- a general term for the accumulation of substances, such as pesticides (ddt is an example), methylmercury, or other organic chemicals in an organism or part of an organism. The accumulation process involves the biological sequestering of substances that enter the organism through respiration, food intake, epidermal (skin) contact with the substance, and/or other means. The sequestering results in the organism having a higher concentration of the substance than the concentration in the organism’s surrounding environment. The level at which a given substance is bioaccumulated depends on the rate of uptake, the mode of uptake (through the gills of a fish, ingested along with food, contact with epidermis (skin), …), how quickly the substance is eliminated from the organism, transformation of the substance by metabolic processes, the lipid (fat) content of the organism, the hydrophobicity of the substance, environmental factors, and other biological and physical factors. As a general rule the more hydrophobic a substance is the more likely it is to bioaccumulate in organisms, such as fish. Another way of saying this is that bIOACCUMULATION of a substance is correlated to the octanol-water partition coefficient (KOW) of the substance. Increasing hydrophobicity (lipophilicity) leads to an increasing propensity to bioaccumulate. Some substances do not conform to this relationship, such as methlymercury. Methlymercury accumulates in fish to a much greater degree than methlymercury’s KOW would indicate.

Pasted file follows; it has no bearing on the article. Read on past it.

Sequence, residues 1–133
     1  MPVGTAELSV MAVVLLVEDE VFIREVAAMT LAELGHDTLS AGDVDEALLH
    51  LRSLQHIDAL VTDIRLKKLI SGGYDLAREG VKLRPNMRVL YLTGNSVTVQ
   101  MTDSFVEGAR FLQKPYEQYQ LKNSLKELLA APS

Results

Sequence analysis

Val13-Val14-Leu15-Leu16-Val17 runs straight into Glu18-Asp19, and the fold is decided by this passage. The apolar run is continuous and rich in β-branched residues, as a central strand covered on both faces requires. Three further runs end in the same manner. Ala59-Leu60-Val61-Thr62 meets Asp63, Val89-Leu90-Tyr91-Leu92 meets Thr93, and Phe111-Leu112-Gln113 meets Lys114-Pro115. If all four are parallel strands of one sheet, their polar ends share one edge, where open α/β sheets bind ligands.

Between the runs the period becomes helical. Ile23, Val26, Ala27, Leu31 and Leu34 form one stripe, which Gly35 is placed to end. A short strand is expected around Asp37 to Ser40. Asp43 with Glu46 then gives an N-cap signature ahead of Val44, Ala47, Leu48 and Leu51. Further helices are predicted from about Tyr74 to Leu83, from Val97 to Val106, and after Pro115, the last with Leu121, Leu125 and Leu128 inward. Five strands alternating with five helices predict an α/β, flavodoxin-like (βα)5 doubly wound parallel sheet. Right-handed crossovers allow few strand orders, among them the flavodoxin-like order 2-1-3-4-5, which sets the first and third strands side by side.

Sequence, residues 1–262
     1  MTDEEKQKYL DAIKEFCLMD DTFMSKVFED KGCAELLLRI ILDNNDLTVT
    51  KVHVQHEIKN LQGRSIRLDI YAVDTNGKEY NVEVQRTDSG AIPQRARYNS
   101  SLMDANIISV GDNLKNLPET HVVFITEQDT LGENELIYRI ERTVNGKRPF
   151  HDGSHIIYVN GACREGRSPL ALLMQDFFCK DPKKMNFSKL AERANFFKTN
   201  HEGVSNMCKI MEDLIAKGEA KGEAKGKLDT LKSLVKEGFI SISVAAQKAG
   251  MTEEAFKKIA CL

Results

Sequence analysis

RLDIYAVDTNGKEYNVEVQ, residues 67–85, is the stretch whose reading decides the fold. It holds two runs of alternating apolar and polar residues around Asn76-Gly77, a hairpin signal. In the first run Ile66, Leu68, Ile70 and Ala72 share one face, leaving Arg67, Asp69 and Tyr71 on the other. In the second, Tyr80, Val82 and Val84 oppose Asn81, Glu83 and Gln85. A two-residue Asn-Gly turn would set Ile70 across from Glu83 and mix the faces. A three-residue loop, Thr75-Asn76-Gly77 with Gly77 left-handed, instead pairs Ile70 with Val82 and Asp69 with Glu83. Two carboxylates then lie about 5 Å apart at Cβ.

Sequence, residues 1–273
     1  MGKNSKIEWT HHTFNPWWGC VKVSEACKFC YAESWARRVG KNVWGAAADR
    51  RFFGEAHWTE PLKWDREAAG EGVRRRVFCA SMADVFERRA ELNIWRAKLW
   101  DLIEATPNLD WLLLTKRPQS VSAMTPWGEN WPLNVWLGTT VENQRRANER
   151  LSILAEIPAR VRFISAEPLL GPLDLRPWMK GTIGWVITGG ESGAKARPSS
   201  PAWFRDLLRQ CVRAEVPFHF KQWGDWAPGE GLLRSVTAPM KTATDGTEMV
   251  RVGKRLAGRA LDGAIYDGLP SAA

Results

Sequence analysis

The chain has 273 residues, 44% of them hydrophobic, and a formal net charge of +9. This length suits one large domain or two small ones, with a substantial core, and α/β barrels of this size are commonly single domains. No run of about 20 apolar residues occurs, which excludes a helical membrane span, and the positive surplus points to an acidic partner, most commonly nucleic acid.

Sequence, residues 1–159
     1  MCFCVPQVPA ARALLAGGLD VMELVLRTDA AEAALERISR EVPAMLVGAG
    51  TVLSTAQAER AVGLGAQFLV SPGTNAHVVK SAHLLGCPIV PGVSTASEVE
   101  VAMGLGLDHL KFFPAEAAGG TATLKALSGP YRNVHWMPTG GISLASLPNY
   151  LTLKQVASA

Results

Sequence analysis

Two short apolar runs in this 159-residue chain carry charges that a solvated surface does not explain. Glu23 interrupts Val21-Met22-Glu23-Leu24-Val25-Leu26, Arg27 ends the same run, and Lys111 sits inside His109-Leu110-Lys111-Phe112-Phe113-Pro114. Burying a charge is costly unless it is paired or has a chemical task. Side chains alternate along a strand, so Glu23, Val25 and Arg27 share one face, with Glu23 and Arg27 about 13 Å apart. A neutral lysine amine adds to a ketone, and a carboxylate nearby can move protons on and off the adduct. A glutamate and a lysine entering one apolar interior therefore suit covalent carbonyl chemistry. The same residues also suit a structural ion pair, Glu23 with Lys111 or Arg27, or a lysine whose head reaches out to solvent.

A related term is bioconcentration. Bioconcentration differs from bIOACCUMULATION because it refers only to the uptake of substances into the organism from water alone. Bioaccumlation is the more general term because it includes all means of uptake into the organism.